Why marketing is critical to the age of innovation


By Meredith Kinsey, senior VP and COO, FUEL

“Innovation and entrepreneurship are critical components to the success of our economy. We want to enable and support a stronger innovation ecosystem in South Carolina and help the state become a top place in the nation to start and build high-growth businesses.” 
–Bobby Hitt, South Carolina Secretary of Commerce

Innovation drives South Carolina’s economy. This former “Textile Capital of the World” is now a hotbed for knowledge-based research and advanced manufacturing. The last decade has proved to be quite a boon for the state’s economy, which has enjoyed unprecedented growth, primarily through the foreign investment of major international corporations committed to technological innovation. According to the S.C. Department of Commerce, “more than 1,200 operations of international firms (and growing) call South Carolina home.” Booming industries include automotive, aerospace, health care, technology, medical device makers, and home appliances, to name but a few. In fact, from 2011 to 2016, advanced manufacturing job growth increased 16 percent, accounting for 11 percent of the state’s total employment.

Commitment to Innovation

The point of all these numbers is to demonstrate how big a part innovation plays in South Carolina’s economy. Clemson University, located in Upstate South Carolina, recently announced its creation of the Center for Advanced Manufacturing, which is dedicated to education, research, and innovation. The University of South Carolina, in partnership with Boeing, has established a permanent $2 million aerospace research endowment to support practice-based innovative research in material architecture and integrated intelligent manufacturing systems. In addition, the South Carolina Department of Commerce has awarded $2.6 million in funding to 19 organizations across the state to further innovation, entrepreneurship, and technology-based economic development.

However, with organizations and brands so dedicated to innovation, it presupposes that there will be a consumer need and desire for new breakthrough products and services created in this milieu. The mistake or miscalculation that businesses often make is assuming that consumer demand will keep pace with manufacturing innovation. So, companies think, “If I create a brand new innovative widget or car or cleaning product, consumers will be falling over themselves to buy it.” But as we know, that’s not always the case. Companies often focus so heavily and intently on product innovation that they forget about marketing that product to the right audiences in the right way. And if you don’t do that, you end up with a great, innovative product that no one knows about.

HARD TRUTH: Having the most innovative product or service in the world does you no good if people aren’t aware, or, worse, if they don’t believe you.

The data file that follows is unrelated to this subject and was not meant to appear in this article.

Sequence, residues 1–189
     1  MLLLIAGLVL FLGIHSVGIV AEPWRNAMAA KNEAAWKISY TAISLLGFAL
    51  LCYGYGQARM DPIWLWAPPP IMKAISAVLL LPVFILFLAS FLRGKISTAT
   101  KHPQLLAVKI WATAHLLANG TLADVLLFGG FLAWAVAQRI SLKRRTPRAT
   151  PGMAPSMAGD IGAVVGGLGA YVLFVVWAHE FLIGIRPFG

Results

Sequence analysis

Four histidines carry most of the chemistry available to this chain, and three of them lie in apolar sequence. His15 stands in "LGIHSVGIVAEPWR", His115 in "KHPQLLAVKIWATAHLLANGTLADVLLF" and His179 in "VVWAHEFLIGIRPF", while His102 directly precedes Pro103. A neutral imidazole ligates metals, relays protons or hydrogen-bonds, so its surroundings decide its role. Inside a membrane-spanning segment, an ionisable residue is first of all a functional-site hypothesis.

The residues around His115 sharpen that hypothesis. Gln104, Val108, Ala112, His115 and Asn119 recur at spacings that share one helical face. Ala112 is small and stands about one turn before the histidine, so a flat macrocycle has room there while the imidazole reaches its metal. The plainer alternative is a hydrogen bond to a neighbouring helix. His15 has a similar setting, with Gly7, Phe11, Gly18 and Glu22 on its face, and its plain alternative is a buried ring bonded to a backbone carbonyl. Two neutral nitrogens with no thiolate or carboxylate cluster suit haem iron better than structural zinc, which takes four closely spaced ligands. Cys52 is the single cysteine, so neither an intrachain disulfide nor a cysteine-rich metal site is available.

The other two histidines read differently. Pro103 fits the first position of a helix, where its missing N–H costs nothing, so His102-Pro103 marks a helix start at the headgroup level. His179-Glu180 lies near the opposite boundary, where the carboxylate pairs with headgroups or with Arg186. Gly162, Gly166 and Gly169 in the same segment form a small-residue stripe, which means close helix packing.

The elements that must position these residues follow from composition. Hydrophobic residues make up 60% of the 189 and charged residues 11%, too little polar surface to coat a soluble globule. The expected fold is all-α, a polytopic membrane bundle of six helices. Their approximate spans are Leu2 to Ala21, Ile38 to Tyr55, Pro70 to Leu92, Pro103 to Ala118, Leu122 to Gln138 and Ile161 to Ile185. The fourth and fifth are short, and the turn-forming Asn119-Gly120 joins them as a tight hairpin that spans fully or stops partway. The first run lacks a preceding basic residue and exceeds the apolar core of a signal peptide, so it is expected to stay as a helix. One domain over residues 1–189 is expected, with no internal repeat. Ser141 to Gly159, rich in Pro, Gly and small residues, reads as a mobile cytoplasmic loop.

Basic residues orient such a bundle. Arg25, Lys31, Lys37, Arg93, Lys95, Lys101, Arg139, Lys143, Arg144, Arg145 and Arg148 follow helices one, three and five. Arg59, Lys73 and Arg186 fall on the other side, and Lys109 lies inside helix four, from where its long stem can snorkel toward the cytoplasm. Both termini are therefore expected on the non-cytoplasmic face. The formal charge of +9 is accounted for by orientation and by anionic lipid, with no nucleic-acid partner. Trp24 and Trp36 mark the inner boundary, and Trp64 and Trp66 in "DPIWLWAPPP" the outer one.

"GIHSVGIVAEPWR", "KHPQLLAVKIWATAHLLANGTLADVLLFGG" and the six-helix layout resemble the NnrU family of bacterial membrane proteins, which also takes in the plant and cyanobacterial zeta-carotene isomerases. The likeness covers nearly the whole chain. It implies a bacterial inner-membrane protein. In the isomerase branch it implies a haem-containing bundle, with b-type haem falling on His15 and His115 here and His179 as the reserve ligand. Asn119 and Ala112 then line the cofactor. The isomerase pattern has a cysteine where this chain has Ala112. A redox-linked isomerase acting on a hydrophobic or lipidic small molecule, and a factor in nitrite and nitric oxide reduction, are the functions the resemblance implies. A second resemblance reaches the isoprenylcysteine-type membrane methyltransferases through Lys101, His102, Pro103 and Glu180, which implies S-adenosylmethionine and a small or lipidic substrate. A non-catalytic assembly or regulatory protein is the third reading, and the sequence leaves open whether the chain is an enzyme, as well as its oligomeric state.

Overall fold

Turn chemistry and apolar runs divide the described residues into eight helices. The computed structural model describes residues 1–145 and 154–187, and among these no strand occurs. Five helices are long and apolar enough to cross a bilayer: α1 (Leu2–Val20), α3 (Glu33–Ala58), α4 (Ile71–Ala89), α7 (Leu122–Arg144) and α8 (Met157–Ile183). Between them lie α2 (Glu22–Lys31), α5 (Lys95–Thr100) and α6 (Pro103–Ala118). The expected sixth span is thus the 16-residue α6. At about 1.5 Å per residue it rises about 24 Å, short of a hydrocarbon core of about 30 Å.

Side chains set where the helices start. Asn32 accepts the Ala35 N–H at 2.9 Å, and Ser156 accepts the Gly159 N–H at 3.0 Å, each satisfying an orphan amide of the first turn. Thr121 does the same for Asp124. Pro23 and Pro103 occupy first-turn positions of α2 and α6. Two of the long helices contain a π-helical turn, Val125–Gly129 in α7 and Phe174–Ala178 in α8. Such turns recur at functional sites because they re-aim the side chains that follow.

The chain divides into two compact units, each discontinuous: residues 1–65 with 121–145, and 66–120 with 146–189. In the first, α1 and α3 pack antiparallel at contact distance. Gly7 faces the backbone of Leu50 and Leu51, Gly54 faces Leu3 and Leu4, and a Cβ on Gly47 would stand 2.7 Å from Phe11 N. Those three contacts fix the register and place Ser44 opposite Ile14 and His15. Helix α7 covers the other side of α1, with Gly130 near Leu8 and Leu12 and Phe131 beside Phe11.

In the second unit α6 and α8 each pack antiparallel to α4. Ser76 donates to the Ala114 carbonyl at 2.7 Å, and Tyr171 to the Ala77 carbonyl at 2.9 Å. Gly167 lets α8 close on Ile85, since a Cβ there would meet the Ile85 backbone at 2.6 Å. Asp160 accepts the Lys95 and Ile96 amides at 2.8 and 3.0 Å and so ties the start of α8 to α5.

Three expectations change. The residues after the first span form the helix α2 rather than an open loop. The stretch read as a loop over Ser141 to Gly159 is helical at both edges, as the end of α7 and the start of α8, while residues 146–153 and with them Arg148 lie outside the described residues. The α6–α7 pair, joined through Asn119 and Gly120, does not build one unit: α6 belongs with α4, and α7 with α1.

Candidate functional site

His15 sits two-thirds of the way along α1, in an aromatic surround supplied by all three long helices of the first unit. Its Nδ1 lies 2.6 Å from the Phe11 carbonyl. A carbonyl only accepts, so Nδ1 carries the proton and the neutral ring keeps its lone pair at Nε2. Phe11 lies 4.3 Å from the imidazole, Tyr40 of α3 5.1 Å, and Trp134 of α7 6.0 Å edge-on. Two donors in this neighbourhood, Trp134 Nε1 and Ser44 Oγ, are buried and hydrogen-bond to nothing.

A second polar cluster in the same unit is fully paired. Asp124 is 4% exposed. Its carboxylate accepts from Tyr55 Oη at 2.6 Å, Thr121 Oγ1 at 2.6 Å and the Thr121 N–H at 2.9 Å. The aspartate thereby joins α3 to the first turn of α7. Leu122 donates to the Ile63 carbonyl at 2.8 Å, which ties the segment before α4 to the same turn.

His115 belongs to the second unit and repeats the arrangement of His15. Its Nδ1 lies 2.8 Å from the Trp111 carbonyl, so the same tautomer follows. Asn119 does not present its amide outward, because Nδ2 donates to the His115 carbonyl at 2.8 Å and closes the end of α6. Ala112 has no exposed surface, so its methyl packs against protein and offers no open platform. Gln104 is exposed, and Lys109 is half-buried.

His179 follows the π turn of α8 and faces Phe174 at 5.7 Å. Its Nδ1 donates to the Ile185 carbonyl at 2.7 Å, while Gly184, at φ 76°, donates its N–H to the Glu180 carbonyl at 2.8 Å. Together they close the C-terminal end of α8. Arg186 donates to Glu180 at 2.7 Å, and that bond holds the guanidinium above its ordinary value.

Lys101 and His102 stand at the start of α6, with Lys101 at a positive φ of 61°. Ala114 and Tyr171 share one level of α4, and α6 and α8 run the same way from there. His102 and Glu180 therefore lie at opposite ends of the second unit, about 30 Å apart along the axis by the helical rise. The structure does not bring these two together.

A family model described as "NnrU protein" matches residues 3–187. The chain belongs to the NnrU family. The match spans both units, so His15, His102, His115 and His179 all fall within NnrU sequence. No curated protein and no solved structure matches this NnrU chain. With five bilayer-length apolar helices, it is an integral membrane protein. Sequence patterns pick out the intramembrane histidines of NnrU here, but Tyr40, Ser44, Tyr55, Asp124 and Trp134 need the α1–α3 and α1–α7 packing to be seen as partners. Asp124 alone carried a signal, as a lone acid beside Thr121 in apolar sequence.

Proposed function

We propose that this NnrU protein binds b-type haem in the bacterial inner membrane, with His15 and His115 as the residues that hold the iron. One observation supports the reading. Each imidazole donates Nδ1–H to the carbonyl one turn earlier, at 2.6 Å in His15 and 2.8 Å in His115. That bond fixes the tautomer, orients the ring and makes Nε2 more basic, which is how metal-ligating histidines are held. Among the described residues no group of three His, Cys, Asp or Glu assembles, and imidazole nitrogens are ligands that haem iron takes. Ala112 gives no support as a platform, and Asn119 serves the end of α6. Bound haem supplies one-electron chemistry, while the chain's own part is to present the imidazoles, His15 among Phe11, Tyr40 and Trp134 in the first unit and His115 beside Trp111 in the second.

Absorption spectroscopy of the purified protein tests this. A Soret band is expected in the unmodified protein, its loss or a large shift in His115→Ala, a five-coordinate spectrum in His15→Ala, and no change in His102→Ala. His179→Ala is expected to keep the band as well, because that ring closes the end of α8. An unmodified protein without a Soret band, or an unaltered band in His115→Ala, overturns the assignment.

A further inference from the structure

Marketing Innovation Must Keep Pace With Product Innovation

With the global economy and so many brands and businesses clamoring for attention, marketing is more important than ever. Innovation may be the name of the game, but finding your audience(s) and getting your messages heard or seen using the proper channels and platforms is critical to success. To create, design, and build a breakthrough product takes tremendous vision, planning, and execution. Brands owe it to their new product to market it effectively to maximize exposure and encourage adoption in the marketplace.

Of course, the advent and continuing evolution of digital marketing, mobile technology, and myriad social platforms have changed the face of advertising and marketing and how people consume information. Merely being present online is not enough. Marketers must be more savvy and innovative in their tactics, as most customers — across all industries, B2B as well as B2C — are receiving information through various interactive media sources and social outlets. So in order for brands and businesses to successfully introduce their new, innovative products to market, it often requires equally innovative and preemptive marketing tactics.

The good news is, marketing presents more opportunities than ever before. Thanks to digital technology, brands are able to reach audiences when and where they consume information, while they’re on the go, in real time. And it’s all “trackable.” Marketers are able to retrieve and analyze data like never before to determine precisely what’s working and what’s not, and adjust accordingly. This enables businesses to be in step with consumers, which is particularly relevant when launching a new product or innovative service.

Instead of reacting, brands can deliver highly relevant, customer-centric messaging — an ongoing, fluid stream of messages that is both anticipatory and responsive to ever-changing customer needs. And that, of course, builds consumer adoption, trust, and loyalty over the long haul, which ultimately is the end goal for any kind of innovation in the marketplace.


•Immediate, real-time communication
•More precise, targeted solutions
•Flexible, expansive reach
•More efficient and cost-effective
•Responsive, or adaptive, to multiple devices
•More engaging, two-way communication (with an audience)
•Helpful and educational, customer-benefit focused


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